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A very Bouncy First Lesson

In the last couple of years I have discovered that I am autistic. This is likely to explain why I enjoy teaching autistic children so much, I have a natural empathy with them and with hindsight have realised how much music has helped me to find my tribe, my identity and has been a healthy obsession. In order to help you to understand my unique approach to teaching autistic people please find to follow my account of Tabitha's first lesson.

My first lesson with Tabitha was unlike any other lesson I’ve ever given. I knew from the outset that I would need to change my usual approach for Tabitha as her Mum had got my details through a local autism charity that we are both members of. Before I arrived I’d had a detailed conversation with Tabitha’s Mum so that I had a good idea of what to expect. I also made sure I wore my Doc Marten boots and tried my hardest to look cool, hip and unthreatening. My main aim for the lesson was just to build a rapport with Tabitha and try to ascertain her learning style. I also brought a selection of tutor books for her to choose from to help her feel in control and get her to buy-in to the process.

When I arrive at the house I am greeted by Tabitha and her Mum. Tabitha goes into the living room and is literally bouncing around all over the place. I decide to let her continue to burn off her excess energy and ask if she would like me to play for her, she agrees. I invite her to choose a song from the book, but she declines this offer. I decide to play Oh When The Saints Go Marching in. This is a simple tune that I would normally expect to cover within the first month of lessons and is also relatively well known. Tabitha seems to enjoy my playing. Next I want to find out how she would like to learn. I ask if she would rather I told her what to do, or if she would like to ask me questions, she doesn’t know. So, I ask her if she likes Lego. Bingo! Tabitha loves Lego, she even has her own Lego room, I ask if I can see it. Tabitha’s Mum is thankfully open to my taking this rather unusual approach, but goes with it. I take an interest in the Lego and note that most of it appears to be built from instructions rather than being of Tabitha’s own design. I ask if Tabitha likes to build her own things from her imagination, look at pictures and copy then, or follow instructions. Tabitha is a following the instructions type builder. Awesome – I now know her learning style. I suggest to her that with her learning the Keyboard the best thing for us to do is to follow the instructions. Tabitha agrees. On the way down Mum gets my eye and comments along the lines “that was clever – I see what you did there”.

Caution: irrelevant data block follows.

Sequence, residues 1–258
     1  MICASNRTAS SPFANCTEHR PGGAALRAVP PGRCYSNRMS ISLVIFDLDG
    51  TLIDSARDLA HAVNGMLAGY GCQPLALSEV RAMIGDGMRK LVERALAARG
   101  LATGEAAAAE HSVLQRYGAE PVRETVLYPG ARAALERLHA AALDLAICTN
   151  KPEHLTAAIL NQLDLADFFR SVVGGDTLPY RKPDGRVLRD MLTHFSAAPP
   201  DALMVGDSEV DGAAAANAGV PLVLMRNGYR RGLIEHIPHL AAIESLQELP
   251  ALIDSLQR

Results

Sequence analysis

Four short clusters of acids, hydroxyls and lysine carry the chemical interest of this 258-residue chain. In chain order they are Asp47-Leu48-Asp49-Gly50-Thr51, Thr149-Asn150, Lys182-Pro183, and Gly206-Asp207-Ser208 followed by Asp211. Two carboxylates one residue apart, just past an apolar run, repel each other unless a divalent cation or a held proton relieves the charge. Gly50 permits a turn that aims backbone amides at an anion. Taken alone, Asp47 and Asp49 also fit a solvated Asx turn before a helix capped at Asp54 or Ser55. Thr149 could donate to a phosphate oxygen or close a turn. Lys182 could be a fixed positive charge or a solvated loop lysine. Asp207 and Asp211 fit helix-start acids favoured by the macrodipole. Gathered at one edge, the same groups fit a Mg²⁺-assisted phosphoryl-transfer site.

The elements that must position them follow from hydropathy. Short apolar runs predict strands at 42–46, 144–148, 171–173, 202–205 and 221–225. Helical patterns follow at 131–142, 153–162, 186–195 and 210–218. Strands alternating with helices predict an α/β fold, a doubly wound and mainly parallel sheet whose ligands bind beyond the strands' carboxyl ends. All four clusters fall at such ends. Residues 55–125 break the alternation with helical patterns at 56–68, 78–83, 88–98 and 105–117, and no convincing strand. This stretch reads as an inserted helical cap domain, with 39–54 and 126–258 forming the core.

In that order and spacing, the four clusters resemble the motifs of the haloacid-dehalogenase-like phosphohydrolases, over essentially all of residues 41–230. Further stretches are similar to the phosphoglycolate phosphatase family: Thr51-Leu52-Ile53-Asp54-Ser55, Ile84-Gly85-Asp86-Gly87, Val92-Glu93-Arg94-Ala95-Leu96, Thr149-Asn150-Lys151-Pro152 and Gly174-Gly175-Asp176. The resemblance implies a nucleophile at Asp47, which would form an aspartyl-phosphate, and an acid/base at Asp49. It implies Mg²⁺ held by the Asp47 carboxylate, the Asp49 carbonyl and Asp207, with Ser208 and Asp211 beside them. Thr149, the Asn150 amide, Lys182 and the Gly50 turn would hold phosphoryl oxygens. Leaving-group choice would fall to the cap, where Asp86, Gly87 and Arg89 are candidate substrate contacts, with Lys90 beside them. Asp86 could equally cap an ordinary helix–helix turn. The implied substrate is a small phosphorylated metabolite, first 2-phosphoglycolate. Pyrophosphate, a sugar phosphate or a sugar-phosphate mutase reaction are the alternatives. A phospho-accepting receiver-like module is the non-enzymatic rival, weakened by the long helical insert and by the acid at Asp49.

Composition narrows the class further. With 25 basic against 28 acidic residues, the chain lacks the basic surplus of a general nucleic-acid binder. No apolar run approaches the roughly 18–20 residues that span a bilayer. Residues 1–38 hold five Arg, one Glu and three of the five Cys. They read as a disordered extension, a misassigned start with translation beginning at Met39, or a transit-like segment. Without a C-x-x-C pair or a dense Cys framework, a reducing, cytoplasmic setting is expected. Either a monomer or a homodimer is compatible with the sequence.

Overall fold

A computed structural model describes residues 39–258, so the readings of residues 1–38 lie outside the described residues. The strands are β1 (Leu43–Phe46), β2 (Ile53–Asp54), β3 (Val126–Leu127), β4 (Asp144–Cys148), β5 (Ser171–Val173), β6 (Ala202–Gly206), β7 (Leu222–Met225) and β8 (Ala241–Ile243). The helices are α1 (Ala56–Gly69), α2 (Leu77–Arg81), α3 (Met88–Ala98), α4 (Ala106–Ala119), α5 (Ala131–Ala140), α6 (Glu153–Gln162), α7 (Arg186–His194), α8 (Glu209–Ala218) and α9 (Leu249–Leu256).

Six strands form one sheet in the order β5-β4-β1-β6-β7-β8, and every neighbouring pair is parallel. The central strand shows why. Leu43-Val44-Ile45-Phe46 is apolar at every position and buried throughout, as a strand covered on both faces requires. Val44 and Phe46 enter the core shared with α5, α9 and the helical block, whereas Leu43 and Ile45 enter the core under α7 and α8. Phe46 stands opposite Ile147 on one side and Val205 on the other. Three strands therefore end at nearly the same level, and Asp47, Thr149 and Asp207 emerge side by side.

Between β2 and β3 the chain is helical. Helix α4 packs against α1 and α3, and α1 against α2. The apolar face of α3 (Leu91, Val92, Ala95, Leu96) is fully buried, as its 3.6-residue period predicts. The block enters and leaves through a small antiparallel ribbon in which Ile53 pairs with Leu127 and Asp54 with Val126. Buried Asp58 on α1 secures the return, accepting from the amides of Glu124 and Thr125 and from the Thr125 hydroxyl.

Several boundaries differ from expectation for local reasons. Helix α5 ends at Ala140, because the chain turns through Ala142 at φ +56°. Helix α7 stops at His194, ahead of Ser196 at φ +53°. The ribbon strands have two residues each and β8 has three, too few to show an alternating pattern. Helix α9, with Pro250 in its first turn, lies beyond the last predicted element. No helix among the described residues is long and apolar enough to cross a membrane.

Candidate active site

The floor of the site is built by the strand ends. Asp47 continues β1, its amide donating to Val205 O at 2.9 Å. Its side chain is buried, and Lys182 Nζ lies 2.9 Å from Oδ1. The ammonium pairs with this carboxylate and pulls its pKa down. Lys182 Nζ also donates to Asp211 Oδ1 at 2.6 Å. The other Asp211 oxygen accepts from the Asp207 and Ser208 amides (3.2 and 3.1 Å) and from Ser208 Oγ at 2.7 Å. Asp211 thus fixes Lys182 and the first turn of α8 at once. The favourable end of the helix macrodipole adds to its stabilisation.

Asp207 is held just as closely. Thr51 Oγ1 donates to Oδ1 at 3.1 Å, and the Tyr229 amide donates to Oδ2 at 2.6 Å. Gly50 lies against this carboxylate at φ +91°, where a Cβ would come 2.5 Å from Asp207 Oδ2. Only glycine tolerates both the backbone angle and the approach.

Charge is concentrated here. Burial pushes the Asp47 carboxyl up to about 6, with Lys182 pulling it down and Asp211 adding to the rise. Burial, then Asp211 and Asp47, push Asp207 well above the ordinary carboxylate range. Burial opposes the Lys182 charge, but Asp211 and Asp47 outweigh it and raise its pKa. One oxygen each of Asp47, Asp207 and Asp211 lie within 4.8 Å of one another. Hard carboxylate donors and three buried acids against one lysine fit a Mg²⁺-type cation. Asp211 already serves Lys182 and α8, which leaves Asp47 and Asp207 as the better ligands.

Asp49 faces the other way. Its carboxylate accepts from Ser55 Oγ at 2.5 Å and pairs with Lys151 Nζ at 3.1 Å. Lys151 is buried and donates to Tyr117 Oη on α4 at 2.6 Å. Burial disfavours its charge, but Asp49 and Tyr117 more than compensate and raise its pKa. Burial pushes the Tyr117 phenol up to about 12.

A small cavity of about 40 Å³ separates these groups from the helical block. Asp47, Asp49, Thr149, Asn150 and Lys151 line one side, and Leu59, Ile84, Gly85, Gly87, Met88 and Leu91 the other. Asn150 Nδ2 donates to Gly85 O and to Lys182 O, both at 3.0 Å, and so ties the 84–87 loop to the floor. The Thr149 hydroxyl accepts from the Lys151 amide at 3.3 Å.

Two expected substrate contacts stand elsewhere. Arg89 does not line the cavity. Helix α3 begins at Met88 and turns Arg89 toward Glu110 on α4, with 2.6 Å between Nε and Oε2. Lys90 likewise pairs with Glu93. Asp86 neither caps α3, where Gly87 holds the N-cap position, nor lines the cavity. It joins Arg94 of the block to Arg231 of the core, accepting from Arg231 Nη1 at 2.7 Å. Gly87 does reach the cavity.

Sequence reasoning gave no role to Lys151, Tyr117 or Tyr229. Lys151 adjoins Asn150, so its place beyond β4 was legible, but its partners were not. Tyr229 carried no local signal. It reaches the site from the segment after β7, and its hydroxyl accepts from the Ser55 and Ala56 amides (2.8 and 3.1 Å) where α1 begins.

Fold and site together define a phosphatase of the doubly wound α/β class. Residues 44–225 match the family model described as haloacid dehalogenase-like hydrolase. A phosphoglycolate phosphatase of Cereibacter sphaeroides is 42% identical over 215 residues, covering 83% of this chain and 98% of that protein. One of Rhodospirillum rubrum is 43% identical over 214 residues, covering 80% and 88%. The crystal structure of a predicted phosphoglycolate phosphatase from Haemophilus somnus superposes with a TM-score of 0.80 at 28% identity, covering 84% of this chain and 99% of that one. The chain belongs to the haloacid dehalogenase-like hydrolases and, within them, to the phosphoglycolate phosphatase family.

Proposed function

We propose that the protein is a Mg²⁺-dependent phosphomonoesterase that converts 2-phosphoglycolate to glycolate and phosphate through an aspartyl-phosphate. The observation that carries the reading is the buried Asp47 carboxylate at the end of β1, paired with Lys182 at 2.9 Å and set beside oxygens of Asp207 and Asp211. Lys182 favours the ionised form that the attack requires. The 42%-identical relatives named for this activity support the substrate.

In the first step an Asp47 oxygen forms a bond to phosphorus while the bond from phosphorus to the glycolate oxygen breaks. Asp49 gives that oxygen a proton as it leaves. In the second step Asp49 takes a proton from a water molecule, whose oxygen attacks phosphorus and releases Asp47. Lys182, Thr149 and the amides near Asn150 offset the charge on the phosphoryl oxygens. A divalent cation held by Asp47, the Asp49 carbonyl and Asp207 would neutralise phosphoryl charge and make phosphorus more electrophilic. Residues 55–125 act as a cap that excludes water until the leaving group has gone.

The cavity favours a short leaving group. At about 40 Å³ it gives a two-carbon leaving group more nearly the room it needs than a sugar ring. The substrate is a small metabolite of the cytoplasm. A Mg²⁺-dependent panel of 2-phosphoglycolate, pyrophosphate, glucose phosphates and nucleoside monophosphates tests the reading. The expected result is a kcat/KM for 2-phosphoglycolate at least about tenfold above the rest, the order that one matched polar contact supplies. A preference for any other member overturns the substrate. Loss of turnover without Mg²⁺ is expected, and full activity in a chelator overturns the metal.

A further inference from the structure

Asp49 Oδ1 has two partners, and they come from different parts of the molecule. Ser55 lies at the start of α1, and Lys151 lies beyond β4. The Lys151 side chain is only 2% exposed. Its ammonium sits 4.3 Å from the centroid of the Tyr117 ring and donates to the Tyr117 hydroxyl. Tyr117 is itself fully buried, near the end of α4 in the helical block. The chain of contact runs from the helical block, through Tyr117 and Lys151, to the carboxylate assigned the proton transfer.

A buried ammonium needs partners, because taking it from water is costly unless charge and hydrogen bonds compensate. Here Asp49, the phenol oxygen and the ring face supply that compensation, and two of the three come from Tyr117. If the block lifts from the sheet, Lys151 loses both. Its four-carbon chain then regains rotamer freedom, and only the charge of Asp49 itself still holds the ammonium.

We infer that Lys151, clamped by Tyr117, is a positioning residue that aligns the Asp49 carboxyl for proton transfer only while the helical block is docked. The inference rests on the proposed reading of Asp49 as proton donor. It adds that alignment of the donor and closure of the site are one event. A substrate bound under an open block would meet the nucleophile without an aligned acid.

So, we’re in. Tabitha comes down and sits at the keyboard, she chooses one of the more grown-up versions of the Keyboard tutor books that I have brought with me. We then start at the beginning and read it word for word. This isn’t something I think I’ve ever done before preferring to do my own explanations, but it works well in this situation. The first page explains what the different buttons do. Tabitha learns how to choose different voices and drum beats on the keyboard and also teaches her Mum how to do this. Tabitha also learns which notes are which on the keyboard.

We are nicely settled, but are unfortunately interrupted by a knock at the door. Tabitha reverts to bouncing around the room on her gym ball. I ask her to bounce in a steady rhythm and I play When the Saints in time with that pulse. She manages to keep quite a steady beat and bounces in time for most of the song. She certainly has a lot of energy. I ask if she thinks I can play this song any quicker, she thinks not. I increase the tempo by about 20 beats per minute (bpm) and play it again. Then I ask if she wants to increase the tempo whilst I play. She comes back over to the keyboard and enjoys increasing the tempo button and forcing me to play faster and faster until we reach the maximum 280 bmp. Kids always love it when I let them do this. Now we are back at the keyboard we can continue going through the instructions. We just about have time to work through the first few exercises and I encourage her to download the online videos and audio that come with the book so she can refer to these during the week.

I ask Tabitha if she wants me to come back next week, she nods, mission accomplished.

Like I said, this is nothing like a usual first lesson, but it totally worked for Tabitha allowing her to be physically active and in control of her learning. I feel we have built a solid foundation and am pleased to have been able to put some of the skills I’ve learned from parenting my own autistic child into use in a teaching capacity. I still recognise that although this approach worked well for Tabitha, the next time I meet a new pupil with autism they will take me on a totally different journey, one I feel privileged to be a part of.

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